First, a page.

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a la Mod:

Domino is
a "disarmingly
work that "pushes
us to reexamine our
relationship to images
and their consumption,
not only ethically
but metaphysically"
-Collin Brinkman

De Palma on Domino
"It was not recut.
I was not involved
in the ADR, the
musical recording
sessions, the final
mix or the color
timing of the
final print."

Listen to
Donaggio's full score
for Domino online

De Palma/Lehman
rapport at work
in Snakes

De Palma/Lehman
next novel is Terry

De Palma developing
Catch And Kill,
"a horror movie
based on real things
that have happened
in the news"

Supercut video
of De Palma's films
edited by Carl Rodrigue

Washington Post
review of Keesey book


Exclusive Passion

Brian De Palma
Karoline Herfurth
Leila Rozario


AV Club Review
of Dumas book


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De Palma interviewed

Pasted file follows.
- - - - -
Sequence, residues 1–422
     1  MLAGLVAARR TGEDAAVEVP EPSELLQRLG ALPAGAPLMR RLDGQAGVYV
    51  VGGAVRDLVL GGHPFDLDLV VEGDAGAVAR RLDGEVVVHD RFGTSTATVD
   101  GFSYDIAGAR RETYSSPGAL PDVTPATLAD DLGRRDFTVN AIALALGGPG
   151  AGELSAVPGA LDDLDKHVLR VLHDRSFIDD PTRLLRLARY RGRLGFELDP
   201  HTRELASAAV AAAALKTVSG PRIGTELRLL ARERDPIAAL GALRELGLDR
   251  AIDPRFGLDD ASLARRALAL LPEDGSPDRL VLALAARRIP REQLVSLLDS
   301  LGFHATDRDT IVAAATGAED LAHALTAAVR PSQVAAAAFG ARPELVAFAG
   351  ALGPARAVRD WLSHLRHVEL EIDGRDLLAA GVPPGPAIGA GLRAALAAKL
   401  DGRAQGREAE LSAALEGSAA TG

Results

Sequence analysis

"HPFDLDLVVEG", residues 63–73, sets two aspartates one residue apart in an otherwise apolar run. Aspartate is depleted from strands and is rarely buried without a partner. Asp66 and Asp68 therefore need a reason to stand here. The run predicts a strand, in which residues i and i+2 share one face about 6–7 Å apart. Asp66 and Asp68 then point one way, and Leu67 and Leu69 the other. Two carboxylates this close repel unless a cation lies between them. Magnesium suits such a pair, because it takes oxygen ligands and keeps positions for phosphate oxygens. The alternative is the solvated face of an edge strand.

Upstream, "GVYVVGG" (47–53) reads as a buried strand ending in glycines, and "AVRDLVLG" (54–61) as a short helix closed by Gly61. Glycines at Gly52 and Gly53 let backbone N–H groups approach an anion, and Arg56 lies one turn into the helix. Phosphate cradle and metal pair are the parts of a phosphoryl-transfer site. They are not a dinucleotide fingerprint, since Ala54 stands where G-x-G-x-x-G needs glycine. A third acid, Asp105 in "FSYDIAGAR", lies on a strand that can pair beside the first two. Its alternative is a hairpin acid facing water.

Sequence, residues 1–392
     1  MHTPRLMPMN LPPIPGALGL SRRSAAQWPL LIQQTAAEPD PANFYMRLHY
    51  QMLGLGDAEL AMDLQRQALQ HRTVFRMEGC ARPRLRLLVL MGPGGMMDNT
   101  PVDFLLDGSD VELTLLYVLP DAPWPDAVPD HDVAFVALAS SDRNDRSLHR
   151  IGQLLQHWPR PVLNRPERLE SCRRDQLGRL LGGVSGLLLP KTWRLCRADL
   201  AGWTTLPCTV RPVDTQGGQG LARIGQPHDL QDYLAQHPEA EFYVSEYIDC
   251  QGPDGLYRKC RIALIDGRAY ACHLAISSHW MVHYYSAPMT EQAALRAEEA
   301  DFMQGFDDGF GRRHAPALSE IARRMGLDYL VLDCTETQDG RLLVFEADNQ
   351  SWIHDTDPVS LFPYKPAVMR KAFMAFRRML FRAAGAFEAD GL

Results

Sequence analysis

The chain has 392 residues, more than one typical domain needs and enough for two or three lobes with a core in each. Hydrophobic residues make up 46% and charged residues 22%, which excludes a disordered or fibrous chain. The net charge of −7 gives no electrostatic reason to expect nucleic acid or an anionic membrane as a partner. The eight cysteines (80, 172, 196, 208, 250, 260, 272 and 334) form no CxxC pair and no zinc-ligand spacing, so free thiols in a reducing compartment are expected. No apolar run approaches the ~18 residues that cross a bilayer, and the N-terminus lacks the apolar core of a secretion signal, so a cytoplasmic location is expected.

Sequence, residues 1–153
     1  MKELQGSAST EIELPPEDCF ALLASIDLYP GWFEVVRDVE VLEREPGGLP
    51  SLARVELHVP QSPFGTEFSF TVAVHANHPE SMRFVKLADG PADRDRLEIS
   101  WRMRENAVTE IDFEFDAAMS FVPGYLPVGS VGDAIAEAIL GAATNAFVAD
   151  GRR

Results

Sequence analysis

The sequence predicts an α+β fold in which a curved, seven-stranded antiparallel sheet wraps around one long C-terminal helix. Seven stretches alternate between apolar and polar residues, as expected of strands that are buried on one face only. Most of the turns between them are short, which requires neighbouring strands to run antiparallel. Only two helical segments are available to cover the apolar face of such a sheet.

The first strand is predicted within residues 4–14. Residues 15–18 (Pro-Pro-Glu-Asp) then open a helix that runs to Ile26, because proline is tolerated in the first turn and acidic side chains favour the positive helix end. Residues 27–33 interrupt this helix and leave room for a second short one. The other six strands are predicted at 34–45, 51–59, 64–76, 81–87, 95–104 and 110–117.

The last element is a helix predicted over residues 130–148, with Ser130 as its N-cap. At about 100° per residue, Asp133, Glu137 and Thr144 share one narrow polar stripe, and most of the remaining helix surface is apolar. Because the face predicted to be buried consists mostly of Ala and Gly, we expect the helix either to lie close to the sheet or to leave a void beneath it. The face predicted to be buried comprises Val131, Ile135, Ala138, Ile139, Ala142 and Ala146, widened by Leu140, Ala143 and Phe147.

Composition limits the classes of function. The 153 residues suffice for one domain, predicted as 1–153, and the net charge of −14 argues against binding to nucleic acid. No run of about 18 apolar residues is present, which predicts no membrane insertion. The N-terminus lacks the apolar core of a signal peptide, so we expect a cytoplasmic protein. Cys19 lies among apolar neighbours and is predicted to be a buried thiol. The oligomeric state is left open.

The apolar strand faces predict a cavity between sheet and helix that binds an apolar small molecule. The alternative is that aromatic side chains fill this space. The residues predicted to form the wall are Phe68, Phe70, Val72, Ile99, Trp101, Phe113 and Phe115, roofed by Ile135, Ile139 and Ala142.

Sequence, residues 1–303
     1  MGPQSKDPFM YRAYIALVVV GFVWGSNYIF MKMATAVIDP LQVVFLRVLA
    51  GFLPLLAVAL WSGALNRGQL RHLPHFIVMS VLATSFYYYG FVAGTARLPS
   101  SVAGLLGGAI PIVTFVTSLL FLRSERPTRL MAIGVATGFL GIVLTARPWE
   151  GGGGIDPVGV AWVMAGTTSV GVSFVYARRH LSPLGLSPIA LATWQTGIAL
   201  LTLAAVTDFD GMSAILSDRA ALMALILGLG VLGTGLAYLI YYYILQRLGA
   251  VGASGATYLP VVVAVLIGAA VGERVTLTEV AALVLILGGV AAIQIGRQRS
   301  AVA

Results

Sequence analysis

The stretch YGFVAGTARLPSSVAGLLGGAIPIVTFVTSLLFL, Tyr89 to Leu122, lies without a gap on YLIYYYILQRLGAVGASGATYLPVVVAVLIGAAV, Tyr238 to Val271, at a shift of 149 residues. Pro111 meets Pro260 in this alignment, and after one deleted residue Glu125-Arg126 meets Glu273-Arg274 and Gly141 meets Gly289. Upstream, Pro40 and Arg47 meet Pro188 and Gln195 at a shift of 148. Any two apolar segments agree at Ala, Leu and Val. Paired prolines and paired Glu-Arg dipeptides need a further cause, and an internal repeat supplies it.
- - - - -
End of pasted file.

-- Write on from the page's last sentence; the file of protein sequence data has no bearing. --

in Paris 2002

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The Black Dahlia 2006


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Carrie...A Fan's Site


No Harm In Charm

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a la Mod

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Scarface: Make Way
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(Blow Out)

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De Palma a la Mod

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Friday, December 2, 2011
Vulture's Jada Yuan recently interviewed David Cronenberg, who delved into a frank discussion about the way projects come and go in a filmmaker's career. As some here have had questions about why some De Palma projects seem to disappear, or struggle to get financed, or even how he almost got involved with Paranormal Activity 2, it seems useful to excerpt the following passage in which Cronenberg urges folks to lose their preconceived notions about why filmmakers make the films they make. It starts when Yuan seems to be trying to find "a through line" from Cronenberg's earlier horror films, to his latest film, A Dangerous Method:

A lot of critics, though, have talked about how this isn’t necessarily a natural through line for your career. That A Dangerous Method doesn't seem as natural a progression from even Eastern Promises.